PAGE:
He said the costs are being met by the Malawi government, contradicting his earlier statement that his boss covered the cost.

        Mughogho is now in charge of the party.

        Gondwe will be a busy person when Parliament starts meeting on June 6 as she is the only Aford MP remaining.

        *****

        Pillane proposes presidential age limit

        by Emmanuel Muwamba , 22 May 2006 - 06:34:13

        A member of the DPP National Governing Council Abdul Pillane on Saturday urged members of political parties and the civil society to put an upper age limit in the Constitution for presidential candidates.

        Pillane was addressing members of political parties and civil society in Liwonde during a two-day follow up workshop to the National Conference on the Review of Constitution held in March in Lilongwe.

        "My view is that (an upper) age limit should be at 75. We have to give a chance to younger people to lead because in circumstance, when you age you become forgetful especially when sickly," said Pillane. "Overall, chances should be given to young people."

        But UDF secretary general Kennedy Makwangwala, whose party members agitated for the age limit during presentations, played the issue down.

        "I feel there is no logic to have an upper age limit for presidential candidates. If someone is 90 or 80 I don't know how that can influence the electorate not to vote for someone who is younger, I don't see any logic behind that," said Makwangwala.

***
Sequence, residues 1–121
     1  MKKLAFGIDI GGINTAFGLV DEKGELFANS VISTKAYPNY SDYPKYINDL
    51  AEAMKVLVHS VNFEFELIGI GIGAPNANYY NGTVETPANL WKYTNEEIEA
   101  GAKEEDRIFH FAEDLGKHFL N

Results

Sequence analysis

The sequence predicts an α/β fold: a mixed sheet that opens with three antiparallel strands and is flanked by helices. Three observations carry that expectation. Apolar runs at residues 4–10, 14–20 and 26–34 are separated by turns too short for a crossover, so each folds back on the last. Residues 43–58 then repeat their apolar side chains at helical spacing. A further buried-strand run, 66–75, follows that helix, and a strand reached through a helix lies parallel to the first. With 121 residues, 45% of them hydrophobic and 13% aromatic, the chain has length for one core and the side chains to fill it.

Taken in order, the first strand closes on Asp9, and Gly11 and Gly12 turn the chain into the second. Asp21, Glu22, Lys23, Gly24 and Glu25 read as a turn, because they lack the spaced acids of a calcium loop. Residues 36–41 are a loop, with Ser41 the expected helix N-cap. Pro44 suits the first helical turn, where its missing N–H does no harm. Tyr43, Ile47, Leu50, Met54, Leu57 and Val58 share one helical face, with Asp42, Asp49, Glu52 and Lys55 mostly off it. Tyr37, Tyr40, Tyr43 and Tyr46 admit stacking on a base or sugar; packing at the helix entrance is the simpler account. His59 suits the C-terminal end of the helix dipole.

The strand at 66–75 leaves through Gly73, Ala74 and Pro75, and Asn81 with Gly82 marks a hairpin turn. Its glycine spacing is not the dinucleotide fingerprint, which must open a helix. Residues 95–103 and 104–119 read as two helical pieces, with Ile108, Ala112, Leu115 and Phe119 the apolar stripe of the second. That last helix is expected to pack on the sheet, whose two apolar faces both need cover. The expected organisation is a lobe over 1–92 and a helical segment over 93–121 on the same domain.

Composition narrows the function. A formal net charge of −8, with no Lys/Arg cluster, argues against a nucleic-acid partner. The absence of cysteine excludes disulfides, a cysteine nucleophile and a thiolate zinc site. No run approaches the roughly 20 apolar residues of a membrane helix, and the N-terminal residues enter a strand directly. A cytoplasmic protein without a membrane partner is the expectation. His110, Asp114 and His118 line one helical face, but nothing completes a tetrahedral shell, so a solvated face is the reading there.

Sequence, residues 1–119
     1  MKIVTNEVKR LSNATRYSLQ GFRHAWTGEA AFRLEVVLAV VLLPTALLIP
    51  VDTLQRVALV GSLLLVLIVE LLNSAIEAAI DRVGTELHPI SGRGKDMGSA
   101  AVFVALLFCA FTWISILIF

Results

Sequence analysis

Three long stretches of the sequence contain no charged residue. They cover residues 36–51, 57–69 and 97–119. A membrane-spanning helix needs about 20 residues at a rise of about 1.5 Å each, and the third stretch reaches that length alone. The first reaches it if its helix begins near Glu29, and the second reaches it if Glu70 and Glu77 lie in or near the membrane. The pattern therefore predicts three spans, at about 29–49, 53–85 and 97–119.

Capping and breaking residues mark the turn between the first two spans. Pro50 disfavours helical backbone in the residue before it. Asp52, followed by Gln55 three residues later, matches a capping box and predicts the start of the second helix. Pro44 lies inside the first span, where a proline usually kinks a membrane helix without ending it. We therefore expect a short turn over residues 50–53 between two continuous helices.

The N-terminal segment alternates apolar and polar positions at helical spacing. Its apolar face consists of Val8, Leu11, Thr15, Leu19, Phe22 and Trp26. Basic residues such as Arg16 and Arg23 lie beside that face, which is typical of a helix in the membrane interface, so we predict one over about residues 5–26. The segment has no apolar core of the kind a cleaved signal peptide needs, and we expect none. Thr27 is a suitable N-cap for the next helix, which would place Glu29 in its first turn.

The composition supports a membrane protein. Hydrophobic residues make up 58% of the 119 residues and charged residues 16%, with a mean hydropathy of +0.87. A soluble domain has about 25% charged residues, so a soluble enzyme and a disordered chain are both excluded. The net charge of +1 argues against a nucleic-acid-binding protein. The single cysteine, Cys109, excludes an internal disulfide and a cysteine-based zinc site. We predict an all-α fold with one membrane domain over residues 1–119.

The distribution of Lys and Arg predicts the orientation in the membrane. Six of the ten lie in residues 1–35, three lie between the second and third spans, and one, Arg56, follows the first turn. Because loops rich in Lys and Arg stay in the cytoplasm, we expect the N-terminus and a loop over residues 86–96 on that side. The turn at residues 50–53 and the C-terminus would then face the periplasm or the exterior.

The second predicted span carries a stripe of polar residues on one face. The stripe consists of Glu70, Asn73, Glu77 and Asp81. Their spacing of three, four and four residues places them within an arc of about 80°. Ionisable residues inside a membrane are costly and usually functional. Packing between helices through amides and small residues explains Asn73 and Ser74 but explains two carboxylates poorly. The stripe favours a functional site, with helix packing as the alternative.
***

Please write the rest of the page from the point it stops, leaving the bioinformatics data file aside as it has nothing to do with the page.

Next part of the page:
MCP participants at the workshop also vehemently objected to the proposal.

        MCP vice president Nicholas Dausi in an interview said: "There is no constitution in Africa which stipulates an upper age limit. So it would be strange in Malawi to have an upper age limit for presidential candidates."

        MDP President Kamlepo Kalua also opposed the need to have an upper age limit.

        "If we have personalities in mind that we want to discriminate against then it is unfortunate. The constitution we want to build is a guiding document for future generations and it should not bar certain individuals on the basis of grudges," he said.

        The Malawi Law Constitution Issues Paper of March 2006 says several submissions that were received put an upper presidential age limit in the Constitution.

        "It is argued that it is common sense that mental knowledge faculties tend to fail with age. As regards what the actual age limit should be the submissions are far from being agreed. The range is from 60 years to 80 years," read submissions in the Issues Paper.